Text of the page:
Strong pelvic floor muscles (also known as Kegel muscles) are absolutely crucial to having a healthy, safe pregnancy as well as to maintaining intimate health throughout your lifetime. They support all of your pelvic organs and are some of the muscles you use to push during childbirth. The added weight of pregnancy and the strain of childbirth can damage these muscles, causing bladder leaks and possible tearing, so it’s important to strengthen them—just like every other muscle in your body. Before pregnancy it’s best to use a good Kegel exerciser to help get the most out of your routine, but during pregnancy it’s recommended that you exercise your pelvic floor without a device.
Vitamin supplements are a key part of gearing your body up for supporting another person for nine months. Women trying to get pregnant need higher levels of many vitamins and minerals—especially folic acid, which helps prevent birth defects of the brain and spine, like spina bifida. These defects generally happen in the first few weeks of pregnancy, before you know you’re expecting, so if you’re hoping to conceive start taking the recommended 400 mcg of folic acid now and speak to your doctor about other vitamins you should be taking.
We all know that smoking and drinking while pregnant are big no-noes, but toxins can also have a large effect on conception. Avoid general pollution, second hand smoke, cleaning chemicals, and paint fumes to keep your body and your future baby healthy. Sometimes even daily rituals, like a cup of coffee, have to be evaluated when trying to conceive or during pregnancy. Doctors recommend that pregnant women drink no more than 200mg (about 12 ounces) of coffee per day so it might be time to start weaning yourself now—just think of it as a test run!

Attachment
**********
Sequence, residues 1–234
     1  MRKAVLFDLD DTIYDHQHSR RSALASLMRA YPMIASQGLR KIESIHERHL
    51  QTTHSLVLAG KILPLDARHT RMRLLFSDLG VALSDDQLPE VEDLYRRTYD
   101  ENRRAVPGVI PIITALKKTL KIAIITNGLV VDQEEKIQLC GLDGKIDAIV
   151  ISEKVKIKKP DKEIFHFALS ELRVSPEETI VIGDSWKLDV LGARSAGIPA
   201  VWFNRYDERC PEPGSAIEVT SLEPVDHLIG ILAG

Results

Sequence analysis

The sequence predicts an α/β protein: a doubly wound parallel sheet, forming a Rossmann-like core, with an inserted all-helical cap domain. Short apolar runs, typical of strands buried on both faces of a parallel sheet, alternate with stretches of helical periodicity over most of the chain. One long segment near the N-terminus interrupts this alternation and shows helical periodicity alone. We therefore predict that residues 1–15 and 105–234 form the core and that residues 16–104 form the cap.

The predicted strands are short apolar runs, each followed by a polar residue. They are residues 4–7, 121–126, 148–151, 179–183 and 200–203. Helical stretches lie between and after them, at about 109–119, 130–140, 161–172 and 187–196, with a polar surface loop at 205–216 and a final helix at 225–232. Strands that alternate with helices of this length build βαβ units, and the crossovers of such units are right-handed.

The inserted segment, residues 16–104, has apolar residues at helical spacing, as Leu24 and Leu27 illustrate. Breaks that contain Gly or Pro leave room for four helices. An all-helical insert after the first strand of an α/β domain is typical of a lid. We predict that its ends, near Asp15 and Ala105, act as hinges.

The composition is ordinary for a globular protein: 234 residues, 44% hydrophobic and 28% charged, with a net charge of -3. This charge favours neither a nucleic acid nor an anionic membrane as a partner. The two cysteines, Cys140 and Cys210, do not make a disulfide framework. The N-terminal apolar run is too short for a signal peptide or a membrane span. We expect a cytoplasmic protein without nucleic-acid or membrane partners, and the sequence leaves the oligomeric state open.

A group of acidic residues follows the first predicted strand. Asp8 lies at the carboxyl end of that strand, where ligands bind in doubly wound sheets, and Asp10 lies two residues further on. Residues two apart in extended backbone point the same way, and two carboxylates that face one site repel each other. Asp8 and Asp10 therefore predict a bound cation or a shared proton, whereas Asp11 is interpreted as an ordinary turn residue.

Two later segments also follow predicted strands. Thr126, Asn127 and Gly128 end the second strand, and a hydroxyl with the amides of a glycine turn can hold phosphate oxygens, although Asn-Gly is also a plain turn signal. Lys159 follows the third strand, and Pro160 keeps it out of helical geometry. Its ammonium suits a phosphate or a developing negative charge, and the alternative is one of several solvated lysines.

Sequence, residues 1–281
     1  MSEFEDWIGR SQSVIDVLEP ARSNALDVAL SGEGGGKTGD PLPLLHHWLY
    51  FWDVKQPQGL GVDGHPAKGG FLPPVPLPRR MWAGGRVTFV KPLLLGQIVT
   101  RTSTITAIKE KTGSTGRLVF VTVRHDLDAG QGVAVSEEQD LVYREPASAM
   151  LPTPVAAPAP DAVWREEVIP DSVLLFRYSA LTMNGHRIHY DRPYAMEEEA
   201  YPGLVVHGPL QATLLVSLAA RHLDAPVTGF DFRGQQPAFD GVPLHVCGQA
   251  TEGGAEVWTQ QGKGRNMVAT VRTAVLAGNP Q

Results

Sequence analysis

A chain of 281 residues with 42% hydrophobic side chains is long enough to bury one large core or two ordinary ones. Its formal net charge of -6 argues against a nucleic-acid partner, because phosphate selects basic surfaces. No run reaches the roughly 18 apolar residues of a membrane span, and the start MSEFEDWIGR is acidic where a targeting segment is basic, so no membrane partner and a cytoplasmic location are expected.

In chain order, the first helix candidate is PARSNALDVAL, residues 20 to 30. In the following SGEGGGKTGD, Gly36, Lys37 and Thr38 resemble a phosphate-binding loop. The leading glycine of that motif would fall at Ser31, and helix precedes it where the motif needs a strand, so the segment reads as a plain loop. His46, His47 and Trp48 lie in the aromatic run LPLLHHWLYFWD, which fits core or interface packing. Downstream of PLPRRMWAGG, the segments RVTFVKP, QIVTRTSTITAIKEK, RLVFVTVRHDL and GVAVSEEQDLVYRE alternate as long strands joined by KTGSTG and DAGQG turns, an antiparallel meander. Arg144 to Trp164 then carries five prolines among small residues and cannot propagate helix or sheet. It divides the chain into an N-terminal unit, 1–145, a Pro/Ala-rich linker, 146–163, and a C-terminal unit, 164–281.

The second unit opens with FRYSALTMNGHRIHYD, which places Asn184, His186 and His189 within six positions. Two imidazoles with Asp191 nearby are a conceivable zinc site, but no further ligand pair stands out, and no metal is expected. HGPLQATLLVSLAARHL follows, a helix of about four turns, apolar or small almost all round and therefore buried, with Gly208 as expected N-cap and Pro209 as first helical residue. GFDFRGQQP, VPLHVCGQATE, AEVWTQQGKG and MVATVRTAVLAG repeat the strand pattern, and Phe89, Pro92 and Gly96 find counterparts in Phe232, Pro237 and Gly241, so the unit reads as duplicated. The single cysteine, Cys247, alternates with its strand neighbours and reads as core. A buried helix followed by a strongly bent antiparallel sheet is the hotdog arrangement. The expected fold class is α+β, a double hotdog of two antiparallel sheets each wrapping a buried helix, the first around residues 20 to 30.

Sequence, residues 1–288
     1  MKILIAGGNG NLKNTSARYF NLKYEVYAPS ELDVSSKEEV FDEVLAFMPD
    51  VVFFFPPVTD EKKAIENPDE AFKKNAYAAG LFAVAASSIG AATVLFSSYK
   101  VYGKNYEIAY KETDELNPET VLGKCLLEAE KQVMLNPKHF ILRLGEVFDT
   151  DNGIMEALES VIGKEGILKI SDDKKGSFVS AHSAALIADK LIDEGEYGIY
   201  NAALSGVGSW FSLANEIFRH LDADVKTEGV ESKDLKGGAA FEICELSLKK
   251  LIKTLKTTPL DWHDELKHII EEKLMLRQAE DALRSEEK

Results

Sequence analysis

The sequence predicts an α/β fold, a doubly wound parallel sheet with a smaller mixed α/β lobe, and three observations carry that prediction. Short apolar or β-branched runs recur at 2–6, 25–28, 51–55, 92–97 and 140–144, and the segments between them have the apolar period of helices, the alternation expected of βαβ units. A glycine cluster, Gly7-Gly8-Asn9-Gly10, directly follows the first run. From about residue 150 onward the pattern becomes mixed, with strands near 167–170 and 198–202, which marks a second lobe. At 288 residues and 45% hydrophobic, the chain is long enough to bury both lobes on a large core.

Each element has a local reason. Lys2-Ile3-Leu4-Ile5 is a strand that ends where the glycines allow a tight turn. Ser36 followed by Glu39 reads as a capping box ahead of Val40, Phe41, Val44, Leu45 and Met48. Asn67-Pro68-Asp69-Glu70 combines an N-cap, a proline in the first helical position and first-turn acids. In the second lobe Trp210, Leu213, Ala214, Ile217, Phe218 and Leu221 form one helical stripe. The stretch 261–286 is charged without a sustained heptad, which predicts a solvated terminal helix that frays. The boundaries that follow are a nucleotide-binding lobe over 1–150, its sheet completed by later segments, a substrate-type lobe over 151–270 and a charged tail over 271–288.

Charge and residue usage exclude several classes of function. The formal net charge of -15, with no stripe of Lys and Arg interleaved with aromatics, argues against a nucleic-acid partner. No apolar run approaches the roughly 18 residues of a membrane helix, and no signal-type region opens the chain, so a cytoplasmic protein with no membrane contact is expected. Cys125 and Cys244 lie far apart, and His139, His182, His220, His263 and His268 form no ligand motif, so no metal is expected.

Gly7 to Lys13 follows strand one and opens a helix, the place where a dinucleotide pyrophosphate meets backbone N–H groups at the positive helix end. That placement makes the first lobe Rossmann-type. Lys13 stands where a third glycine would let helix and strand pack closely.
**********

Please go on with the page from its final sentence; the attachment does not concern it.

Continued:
9. See a Dentist
It might seem strange to include the dentist on your list of people to see before you get pregnant, but research increasingly shows that oral hygiene can have a huge impact on your overall health and pregnancy. Pregnancy hormones can weaken your oral health making your gums more susceptible to plaque and bacteria, which can sometimes lead to gingivitis (inflammation of the gums). If left untreated gingivitis can develop into a more serious gum condition called periodontitis, which has been linked to several pregnancy complications including premature labor, preeclampsia, and gestational diabetes. Dentists also generally try to avoid x-rays, fillings, and surgeries with their pregnant patients so get those done well before you start trying to conceive.
Planning your pregnancy is very important—the healthier you are when you conceive, the more likely your baby will be healthy. It might seem like a lot to think about right now, but every step you take towards a healthier lifestyle makes a difference. And don’t forget to get your partner involved, motivate each other to make the changes necessary to build a happy, healthy family together. In the end, it will all be worth it!
Please note that advice offered by Intimina may not be relevant to your individual case. For specific concerns regarding your health, always consult your physician or other licensed medical practitioners.
A collective group of “lady experts” at Intimina who love sharing our personal experiences, even when they are a little too personal. We believe it’s time to start breaking down the taboos around menstruation, motherhood, and menopause, and start owning our female health.